For years Pfizer has been a major face of the pharmaceutical industry and this multinational corporation has seen much success since the time of its inception in 1849. Across the globe the annual revenue for prescription drugs totals over 900 billion dollars, with Pfizer heading the charge; its shares are firmly seated within the Dow Jones stock market index.
Pharmacy is the term given to the scientific components behind the preparation and dispensation of both prescription drugs and medicines. With the merger of both health and chemical sciences, this centuries old profession exists to ensure the safe and well-managed application of medicinal products. These chemical substances are compounded either solitarily, or in conjunction with other similarly active substances to produce a product that can be commercially marketed for internal or external applications. Their primary use entails being prescribed as the result of a medical diagnosis for the curing, treatment or prevention of a disease.
The pharmaceutical industry is a segment of the economy responsible with the development, production, and marketing of pharmaceuticals. Through the distribution of both distinguished company products and the likened equivalents this established chain of commerce has thrived in providing licensed medications around the world. The operations of Pfizer span a wide range of medical disciplines, ranging from immunology and cardiology to neurology and endocrinology.
Pfizer was founded as a manufacturer of fine chemical substances by cousins Charles Pfizer and Charles Erhart. The company originated in New York, New York where their headquarters can still be found to this day. Throughout the 19th century Pfizer was responsible for numerous scientific advances, including the production of several successful medications. With the discovery of Ocytetracycline in 1950, Pfizer was able to transition forward from a chemical manufacturer to a research-based pharmaceutical corporation. Following this success, Pfizer participated in a series of acquisitions that allowed them to experience large amounts of growth, both in sales revenue and their roster of commercially available products. These actions would ultimately work to secure Pfizer a primary face behind the pharmaceutical industry, despite numerous setbacks which are not uncharacteristic of such a large business entity.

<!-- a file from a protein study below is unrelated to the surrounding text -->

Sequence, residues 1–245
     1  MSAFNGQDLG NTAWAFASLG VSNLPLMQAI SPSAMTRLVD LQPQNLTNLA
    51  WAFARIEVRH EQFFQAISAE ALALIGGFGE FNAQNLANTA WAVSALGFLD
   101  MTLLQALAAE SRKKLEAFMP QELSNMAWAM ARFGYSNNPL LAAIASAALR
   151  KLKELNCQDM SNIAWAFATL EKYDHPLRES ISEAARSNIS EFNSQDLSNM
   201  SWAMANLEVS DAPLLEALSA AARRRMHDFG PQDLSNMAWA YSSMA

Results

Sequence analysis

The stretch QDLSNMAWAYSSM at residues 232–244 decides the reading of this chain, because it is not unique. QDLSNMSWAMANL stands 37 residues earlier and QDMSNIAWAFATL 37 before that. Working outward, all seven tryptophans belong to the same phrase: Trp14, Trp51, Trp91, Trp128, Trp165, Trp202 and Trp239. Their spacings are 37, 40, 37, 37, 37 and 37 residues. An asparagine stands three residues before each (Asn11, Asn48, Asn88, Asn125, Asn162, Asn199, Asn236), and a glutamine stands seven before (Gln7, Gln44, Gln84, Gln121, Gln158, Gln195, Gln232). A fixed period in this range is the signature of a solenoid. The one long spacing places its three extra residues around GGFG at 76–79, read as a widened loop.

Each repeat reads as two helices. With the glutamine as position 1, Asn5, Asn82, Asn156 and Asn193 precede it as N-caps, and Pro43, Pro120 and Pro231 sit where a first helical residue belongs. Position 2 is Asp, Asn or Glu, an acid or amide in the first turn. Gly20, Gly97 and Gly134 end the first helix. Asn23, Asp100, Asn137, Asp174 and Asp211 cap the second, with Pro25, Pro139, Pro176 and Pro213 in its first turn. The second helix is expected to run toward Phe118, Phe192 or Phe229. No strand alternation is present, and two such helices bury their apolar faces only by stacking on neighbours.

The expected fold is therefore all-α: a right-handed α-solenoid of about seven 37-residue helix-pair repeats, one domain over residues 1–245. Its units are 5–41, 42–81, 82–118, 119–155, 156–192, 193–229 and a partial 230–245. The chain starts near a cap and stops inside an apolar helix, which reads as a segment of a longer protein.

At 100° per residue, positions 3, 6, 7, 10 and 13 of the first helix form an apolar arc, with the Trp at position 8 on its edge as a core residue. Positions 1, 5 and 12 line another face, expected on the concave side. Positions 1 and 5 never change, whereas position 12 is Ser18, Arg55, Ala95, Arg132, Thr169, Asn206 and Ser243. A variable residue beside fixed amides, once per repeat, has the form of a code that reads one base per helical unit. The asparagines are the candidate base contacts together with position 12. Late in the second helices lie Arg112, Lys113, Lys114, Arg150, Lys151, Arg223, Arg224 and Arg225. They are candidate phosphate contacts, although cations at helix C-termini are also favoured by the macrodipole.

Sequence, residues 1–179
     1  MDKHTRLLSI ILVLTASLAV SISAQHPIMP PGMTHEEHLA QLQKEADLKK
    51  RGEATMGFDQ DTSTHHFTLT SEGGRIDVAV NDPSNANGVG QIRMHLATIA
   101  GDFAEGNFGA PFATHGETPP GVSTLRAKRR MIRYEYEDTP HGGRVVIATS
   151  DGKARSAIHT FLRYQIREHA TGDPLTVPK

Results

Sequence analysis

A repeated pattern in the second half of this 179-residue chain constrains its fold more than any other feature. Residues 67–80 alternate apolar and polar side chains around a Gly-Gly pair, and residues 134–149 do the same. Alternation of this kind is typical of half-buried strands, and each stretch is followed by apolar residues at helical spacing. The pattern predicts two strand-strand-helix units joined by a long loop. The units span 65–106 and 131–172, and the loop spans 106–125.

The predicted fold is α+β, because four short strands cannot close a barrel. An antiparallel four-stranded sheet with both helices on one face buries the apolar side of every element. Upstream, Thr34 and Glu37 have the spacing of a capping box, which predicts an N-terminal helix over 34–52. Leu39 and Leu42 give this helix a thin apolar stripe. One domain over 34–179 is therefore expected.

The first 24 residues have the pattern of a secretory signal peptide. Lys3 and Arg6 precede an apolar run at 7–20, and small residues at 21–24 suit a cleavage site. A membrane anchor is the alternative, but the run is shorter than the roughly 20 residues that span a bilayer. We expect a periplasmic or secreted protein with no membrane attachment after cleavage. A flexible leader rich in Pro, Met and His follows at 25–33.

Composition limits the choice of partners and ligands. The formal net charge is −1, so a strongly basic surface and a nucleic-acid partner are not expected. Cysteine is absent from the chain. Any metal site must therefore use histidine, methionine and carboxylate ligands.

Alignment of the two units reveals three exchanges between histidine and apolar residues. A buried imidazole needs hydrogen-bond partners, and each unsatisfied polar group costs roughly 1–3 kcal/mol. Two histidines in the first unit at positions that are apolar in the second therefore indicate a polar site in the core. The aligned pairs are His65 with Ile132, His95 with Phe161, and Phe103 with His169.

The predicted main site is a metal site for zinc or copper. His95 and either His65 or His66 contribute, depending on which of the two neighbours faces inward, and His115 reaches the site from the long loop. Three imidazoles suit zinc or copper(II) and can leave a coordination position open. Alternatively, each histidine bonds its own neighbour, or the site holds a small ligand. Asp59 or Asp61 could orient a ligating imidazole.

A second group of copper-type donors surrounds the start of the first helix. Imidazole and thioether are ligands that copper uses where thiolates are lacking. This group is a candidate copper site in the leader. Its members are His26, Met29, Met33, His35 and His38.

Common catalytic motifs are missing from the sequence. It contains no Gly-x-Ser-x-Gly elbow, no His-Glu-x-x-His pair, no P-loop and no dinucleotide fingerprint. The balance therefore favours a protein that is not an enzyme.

Throughout the course of a decade Pfizer was implicated and convicted in four separate cases involving health care fraud. The case in which the corporation was convicted for the illegal marketing of the drugs Lyrica, Geodon, Zyvox, and Bextra is still the largest civil settlement against a pharmaceutical company. The case centered on allegations claiming Pfizer endorsed the products for unapproved treatment uses as outlined by the United States Food and Drug Administration. In the end, the company pleaded guilty to all charges and paid out over $3 billion in fines and settlement fees.
On a contrary note, Pfizer has recently announced that they have completed the randomized mid-stage trials for their breast cancer drug. The trials show significantly positive improvements while the promising data grants hope for a higher standard of care for post-menopausal women who suffer from advanced stage breast cancer. Despite controversy and other negativity surrounding the company, it is scientific advances such as these that warrant the strong positioning of Pfizer as a face for the pharmaceutical industry.
Written by Darrell Purcell